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Variability observed in mechano-regulated in vivo tissue differentiation can be explained by variation in cell mechano-sensitivity

Khayyeri, Hanifeh LU ; Checa, Sara; Tägil, Magnus LU ; Aspenberg, Per and Prendergast, Patrick J. (2011) In Journal of Biomechanics 44(6). p.1051-1058
Abstract
Computational simulations of tissue differentiation have been able to capture the main aspects of tissue formation/regeneration observed in animal experiments—except for the considerable degree of variability reported. Understanding and modelling the source of this variability is crucial if computational tools are to be developed for clinical applications. The objective of this study was to test the hypothesis that differences in cell mechano-sensitivity between individuals can explain the variability of tissue differentiation patterns observed experimentally. Simulations of an experiment of tissue differentiation in a mechanically loaded bone chamber were performed. Finite element analysis was used to determine the biophysical... (More)
Computational simulations of tissue differentiation have been able to capture the main aspects of tissue formation/regeneration observed in animal experiments—except for the considerable degree of variability reported. Understanding and modelling the source of this variability is crucial if computational tools are to be developed for clinical applications. The objective of this study was to test the hypothesis that differences in cell mechano-sensitivity between individuals can explain the variability of tissue differentiation patterns observed experimentally. Simulations of an experiment of tissue differentiation in a mechanically loaded bone chamber were performed. Finite element analysis was used to determine the biophysical environment, and a lattice-modelling approach was used to simulate cell activity. Differences in cell mechano-sensitivity among individuals were modelled as differences in cell activity rates, with the activation of cell activities regulated by the mechanical environment. Predictions of the tissue distribution in the chambers produced the two different classes of results found experimentally: (i) chambers with a layer of bone across the chamber covered by a layer of cartilage on top and (ii) chambers with almost no bone, mainly fibrous tissue and small islands of cartilage. This indicates that the differing cellular response to the mechanical environment (i.e., subject-specific mechano-sensitivity) could be a reason for the different outcomes found when implants (or tissue engineered constructs) are used in a population. (Less)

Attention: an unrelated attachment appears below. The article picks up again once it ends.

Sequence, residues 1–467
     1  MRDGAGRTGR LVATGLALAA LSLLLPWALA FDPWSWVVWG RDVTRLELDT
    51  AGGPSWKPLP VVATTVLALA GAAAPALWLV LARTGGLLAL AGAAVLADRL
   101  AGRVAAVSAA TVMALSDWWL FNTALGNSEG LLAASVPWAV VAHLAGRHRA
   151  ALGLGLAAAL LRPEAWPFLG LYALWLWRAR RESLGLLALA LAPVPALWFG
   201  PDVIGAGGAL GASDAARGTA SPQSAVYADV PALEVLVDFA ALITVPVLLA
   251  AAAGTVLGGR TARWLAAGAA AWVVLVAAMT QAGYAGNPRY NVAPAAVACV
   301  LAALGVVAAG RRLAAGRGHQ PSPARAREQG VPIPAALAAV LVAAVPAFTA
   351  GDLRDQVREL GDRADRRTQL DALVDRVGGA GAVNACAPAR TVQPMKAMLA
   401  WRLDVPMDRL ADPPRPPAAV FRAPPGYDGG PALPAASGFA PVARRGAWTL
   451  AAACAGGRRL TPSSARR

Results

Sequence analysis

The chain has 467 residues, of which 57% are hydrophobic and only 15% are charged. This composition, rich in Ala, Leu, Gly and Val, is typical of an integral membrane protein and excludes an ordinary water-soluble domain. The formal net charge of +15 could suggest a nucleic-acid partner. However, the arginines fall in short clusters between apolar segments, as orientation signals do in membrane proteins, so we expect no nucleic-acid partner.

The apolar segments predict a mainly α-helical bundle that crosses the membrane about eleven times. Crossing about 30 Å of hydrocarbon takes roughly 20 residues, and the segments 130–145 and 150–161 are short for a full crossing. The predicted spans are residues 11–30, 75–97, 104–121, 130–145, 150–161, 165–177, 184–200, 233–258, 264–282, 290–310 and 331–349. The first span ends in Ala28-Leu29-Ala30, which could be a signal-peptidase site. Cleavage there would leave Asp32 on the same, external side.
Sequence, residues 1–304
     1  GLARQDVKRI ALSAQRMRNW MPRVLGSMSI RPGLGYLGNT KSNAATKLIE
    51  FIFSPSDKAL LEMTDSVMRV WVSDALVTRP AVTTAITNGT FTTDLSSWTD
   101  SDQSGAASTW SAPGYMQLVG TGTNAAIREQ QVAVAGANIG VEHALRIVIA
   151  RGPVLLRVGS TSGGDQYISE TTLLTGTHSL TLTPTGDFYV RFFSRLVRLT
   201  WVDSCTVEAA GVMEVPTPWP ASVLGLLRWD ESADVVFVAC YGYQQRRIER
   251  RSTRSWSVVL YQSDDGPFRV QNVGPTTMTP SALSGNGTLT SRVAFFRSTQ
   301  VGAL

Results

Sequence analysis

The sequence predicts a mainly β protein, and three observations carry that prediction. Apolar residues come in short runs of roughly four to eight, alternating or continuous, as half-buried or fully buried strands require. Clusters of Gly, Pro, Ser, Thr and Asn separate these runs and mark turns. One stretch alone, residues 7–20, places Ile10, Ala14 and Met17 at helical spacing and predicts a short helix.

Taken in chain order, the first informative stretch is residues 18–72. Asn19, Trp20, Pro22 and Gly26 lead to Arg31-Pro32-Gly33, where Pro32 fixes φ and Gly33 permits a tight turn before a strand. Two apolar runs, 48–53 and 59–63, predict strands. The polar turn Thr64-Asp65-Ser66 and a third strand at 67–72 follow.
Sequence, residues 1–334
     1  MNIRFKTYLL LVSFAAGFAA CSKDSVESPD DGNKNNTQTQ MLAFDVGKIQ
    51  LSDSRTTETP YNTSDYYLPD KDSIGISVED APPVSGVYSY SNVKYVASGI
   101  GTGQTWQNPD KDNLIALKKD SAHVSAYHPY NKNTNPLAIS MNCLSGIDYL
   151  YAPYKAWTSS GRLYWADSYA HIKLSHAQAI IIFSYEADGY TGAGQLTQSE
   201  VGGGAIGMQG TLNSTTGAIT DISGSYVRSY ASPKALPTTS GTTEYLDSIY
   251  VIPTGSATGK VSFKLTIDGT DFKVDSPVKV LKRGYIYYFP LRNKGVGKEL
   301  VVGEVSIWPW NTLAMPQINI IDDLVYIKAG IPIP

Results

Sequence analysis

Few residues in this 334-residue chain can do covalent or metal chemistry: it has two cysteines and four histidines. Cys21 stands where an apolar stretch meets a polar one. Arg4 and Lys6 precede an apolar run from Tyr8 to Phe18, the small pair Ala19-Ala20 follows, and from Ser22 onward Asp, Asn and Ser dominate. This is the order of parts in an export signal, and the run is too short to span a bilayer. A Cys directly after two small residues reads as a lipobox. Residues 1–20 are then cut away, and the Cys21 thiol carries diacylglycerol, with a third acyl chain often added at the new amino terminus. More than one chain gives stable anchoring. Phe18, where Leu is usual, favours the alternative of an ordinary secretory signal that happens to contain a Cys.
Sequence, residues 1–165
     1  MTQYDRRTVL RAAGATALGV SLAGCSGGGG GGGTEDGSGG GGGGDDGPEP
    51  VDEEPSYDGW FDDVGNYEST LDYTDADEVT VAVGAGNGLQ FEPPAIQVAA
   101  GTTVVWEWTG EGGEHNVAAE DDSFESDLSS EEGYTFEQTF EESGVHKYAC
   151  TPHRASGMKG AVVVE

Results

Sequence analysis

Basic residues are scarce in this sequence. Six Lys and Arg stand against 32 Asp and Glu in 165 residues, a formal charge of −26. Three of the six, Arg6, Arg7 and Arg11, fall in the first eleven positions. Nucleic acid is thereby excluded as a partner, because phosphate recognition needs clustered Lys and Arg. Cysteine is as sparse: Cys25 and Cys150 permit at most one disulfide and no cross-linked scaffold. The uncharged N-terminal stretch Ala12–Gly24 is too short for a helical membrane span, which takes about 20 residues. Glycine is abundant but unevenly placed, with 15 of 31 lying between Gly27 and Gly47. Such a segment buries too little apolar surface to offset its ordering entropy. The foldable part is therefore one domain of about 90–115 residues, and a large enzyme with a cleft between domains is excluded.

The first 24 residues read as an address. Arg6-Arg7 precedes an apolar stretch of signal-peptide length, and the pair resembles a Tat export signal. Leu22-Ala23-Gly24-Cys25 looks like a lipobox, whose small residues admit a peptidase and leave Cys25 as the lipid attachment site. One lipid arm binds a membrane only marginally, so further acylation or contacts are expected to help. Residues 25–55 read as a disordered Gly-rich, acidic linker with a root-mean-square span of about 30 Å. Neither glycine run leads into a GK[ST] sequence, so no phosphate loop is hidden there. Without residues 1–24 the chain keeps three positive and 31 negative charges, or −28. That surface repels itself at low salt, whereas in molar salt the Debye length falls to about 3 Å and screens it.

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author
organization
publishing date
type
Contribution to journal
publication status
published
subject
keywords
Mechano-regulation, Mechanobiology, Inter-specimen variability, FE-model, Lattice model
in
Journal of Biomechanics
volume
44
issue
6
pages
1051 - 1058
publisher
Elsevier
external identifiers
  • scopus:79953029767
  • wos:000290187500010
ISSN
1873-2380
DOI
10.1016/j.jbiomech.2011.02.003
language
English
LU publication?
yes
id
c6f9b4dc-4ee2-47e2-9581-1184130c58e4 (old id 4778780)
date added to LUP
2011-07-01 09:28:15
date last changed
2017-04-09 03:02:43
@article{c6f9b4dc-4ee2-47e2-9581-1184130c58e4,
  abstract     = {Computational simulations of tissue differentiation have been able to capture the main aspects of tissue formation/regeneration observed in animal experiments—except for the considerable degree of variability reported. Understanding and modelling the source of this variability is crucial if computational tools are to be developed for clinical applications. The objective of this study was to test the hypothesis that differences in cell mechano-sensitivity between individuals can explain the variability of tissue differentiation patterns observed experimentally. Simulations of an experiment of tissue differentiation in a mechanically loaded bone chamber were performed. Finite element analysis was used to determine the biophysical environment, and a lattice-modelling approach was used to simulate cell activity. Differences in cell mechano-sensitivity among individuals were modelled as differences in cell activity rates, with the activation of cell activities regulated by the mechanical environment. Predictions of the tissue distribution in the chambers produced the two different classes of results found experimentally: (i) chambers with a layer of bone across the chamber covered by a layer of cartilage on top and (ii) chambers with almost no bone, mainly fibrous tissue and small islands of cartilage. This indicates that the differing cellular response to the mechanical environment (i.e., subject-specific mechano-sensitivity) could be a reason for the different outcomes found when implants (or tissue engineered constructs) are used in a population.},
  author       = {Khayyeri, Hanifeh and Checa, Sara and Tägil, Magnus and Aspenberg, Per and Prendergast, Patrick J.},
  issn         = {1873-2380},
  keyword      = {Mechano-regulation,Mechanobiology,Inter-specimen variability,FE-model,Lattice model},
  language     = {eng},
  number       = {6},
  pages        = {1051--1058},
  publisher    = {Elsevier},
  series       = {Journal of Biomechanics},
  title        = {Variability observed in mechano-regulated in vivo tissue differentiation can be explained by variation in cell mechano-sensitivity},
  url          = {http://dx.doi.org/10.1016/j.jbiomech.2011.02.003},
  volume       = {44},
  year         = {2011},
}